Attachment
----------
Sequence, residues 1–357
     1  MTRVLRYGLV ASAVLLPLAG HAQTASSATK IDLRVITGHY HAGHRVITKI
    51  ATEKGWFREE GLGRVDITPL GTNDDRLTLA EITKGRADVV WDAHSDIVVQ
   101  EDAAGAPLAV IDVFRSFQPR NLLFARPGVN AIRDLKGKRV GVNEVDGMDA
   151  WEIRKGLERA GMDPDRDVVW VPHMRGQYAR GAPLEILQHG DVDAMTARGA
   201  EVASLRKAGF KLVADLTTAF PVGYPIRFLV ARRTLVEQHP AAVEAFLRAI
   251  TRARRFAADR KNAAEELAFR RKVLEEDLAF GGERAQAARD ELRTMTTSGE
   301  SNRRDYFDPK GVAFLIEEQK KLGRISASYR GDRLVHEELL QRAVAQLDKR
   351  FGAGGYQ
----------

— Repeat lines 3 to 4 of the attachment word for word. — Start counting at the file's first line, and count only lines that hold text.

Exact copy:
    51  ATEKGWFREE GLGRVDITPL GTNDDRLTLA EITKGRADVV WDAHSDIVVQ
   101  EDAAGAPLAV IDVFRSFQPR NLLFARPGVN AIRDLKGKRV GVNEVDGMDA